PERE: What importance do you place on strong management as a driver of performance and value?
VG: This aspect is enormously relevant. Outlets require an intensive niche-type of retail management and know-how to drive performance and maximize returns, which is very different from traditional shopping centers, including specialized strategies for leasing, marketing, tourism and efficient property management. As these assets grow more complex in terms of their number of tenants, size and foot traffic, specialized management has become a priority. This is also key on the investment side, and this is why we analyze carefully all these variables before committing capital.
“Consolidated outlet centers tend to provide better returns for investors and have performed well in periods of economic recession”
The ability to understand shoppers’ needs and preferences is crucial for success. Customers’ expectations have evolved greatly since the outlet concept entered Europe in the 1980s. Tenant mix remains vital for sure, but nowadays customers are also looking for enjoyable experiences to share. This includes the shopping experience and also leisure and services, and has led to an increase in the importance of a quality food and beverage offering.
The implementation of new technologies is paramount to ensuring the efficiency of outlet centers and boosting overall performance results. With investment in technologies such as geolocation systems and contextual marketing tools we can measure how long visitors stay, identify the most visited areas and the frequency of visit to a particular store and send personalized offers to visitors when they enter their favorite store. Unifying this information in an omnichannel platform, retailers, managers and investors know customers better than ever, allowing them to optimize strategies and adapt quickly to market changes.
PERE: How do you see the next decade shaping up in outlet real estate?
VG: The number of new outlets will continue to grow, but in a more moderate way. The European market is close to having the right density, although it is still possible to find opportunities in some strategic locations closer to urban areas or tourist destinations and in countries with a lower density of outlets. Investor appetite for outlet assets is likely to grow as they see a balanced risk and reward potential in this business. Our objective is to double our pipeline space through development and acquisitions in the next few years. The European market is still fragmented with many local operators, so further sector consolidation is expected, with opportunities for acquiring individual assets to integrate into larger operating platforms managed by experienced operators.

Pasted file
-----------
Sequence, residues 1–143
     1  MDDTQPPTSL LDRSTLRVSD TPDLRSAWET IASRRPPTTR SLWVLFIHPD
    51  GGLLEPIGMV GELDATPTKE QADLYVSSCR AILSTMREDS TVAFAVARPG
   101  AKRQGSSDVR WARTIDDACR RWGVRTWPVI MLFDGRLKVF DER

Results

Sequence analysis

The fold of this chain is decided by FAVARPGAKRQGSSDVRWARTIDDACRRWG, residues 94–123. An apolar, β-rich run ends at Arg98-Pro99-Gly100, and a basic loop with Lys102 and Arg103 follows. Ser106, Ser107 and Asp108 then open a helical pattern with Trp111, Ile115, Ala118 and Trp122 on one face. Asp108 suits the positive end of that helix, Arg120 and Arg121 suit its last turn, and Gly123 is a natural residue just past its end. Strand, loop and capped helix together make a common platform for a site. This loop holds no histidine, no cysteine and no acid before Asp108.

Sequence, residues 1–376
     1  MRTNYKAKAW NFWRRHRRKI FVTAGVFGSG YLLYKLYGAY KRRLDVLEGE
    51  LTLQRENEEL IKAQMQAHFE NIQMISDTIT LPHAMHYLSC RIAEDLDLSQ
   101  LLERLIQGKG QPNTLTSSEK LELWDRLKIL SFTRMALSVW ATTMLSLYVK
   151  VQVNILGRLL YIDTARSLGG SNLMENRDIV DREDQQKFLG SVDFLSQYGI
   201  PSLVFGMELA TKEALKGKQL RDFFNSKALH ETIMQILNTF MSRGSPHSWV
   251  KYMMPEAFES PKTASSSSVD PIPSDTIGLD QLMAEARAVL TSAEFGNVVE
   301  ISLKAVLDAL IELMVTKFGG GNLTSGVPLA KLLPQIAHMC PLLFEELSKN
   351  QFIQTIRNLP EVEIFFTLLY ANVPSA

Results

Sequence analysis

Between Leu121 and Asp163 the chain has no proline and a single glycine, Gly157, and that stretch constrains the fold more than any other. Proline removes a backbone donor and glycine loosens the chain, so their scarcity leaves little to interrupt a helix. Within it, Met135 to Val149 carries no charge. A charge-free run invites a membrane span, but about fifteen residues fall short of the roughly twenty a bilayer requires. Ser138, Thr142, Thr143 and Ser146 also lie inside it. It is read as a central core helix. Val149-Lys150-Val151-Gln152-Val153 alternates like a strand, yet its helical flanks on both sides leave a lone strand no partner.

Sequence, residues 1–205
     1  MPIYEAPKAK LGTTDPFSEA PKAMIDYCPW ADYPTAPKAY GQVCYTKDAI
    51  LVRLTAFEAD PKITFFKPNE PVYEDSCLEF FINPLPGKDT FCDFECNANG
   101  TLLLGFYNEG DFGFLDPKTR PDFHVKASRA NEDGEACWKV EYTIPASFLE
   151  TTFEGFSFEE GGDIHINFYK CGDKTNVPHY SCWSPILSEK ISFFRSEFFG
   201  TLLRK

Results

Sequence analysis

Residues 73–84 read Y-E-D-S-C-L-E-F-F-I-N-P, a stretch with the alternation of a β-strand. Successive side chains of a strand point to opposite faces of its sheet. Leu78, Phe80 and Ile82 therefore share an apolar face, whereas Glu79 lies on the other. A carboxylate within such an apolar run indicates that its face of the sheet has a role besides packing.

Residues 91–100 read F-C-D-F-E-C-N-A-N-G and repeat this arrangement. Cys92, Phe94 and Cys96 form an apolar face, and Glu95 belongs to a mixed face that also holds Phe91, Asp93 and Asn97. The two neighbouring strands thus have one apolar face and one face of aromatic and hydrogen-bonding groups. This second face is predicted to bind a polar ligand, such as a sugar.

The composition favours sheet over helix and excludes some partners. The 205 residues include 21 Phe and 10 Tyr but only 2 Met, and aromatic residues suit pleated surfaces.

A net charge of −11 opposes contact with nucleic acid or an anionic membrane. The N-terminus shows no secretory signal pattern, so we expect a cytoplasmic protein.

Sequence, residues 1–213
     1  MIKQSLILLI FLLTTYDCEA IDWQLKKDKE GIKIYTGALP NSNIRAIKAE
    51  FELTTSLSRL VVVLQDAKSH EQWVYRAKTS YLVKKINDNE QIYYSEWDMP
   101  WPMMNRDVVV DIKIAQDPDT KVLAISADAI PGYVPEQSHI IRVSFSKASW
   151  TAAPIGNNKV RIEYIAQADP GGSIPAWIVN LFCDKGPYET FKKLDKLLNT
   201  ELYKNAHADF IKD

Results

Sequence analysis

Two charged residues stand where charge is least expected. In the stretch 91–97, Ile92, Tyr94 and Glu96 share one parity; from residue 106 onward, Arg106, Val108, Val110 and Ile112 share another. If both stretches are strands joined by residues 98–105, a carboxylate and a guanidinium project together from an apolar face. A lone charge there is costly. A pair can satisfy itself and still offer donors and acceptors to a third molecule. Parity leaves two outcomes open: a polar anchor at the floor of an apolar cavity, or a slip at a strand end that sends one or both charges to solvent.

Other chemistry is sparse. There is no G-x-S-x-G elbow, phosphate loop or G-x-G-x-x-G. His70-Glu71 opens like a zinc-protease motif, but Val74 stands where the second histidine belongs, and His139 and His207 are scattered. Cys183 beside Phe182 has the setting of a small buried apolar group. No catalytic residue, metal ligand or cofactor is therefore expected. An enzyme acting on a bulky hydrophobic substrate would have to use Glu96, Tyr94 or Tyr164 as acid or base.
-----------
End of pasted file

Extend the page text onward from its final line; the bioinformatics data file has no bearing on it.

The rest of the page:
There will be continued emphasis on the importance of strong management and the evolution of outlet centers into well-rounded destinations, bearing in mind not only quality retail but also design, atmosphere, services and leisure. The insights of new technologies will provide an excellent opportunity to increase overall returns and take customers’ experience to another level. We will also see intensified sustainability criteria in all phases of the property cycle to reduce operating costs and increase long-term assets’ value.
Beyond new developments, there are good opportunities to be picked up in the value-add segment through investment and intensive management to increase assets’ value and performance, including some refurbishments and extensions of current portfolios. Comprehensive omni-channelling with new technologies at outlets can further optimize results.
There are opportunities outside Europe, too. There’s an increase in the number of outlet projects in China and Russia, for instance, and the Asian market has great potential due to the rapid increase in disposable incomes, increased urbanization and low density of this type of retail asset.
This article was sponsored by Neinver. It appeared in the Investing in Retail supplement to the July 2018 edition of PERE magazine.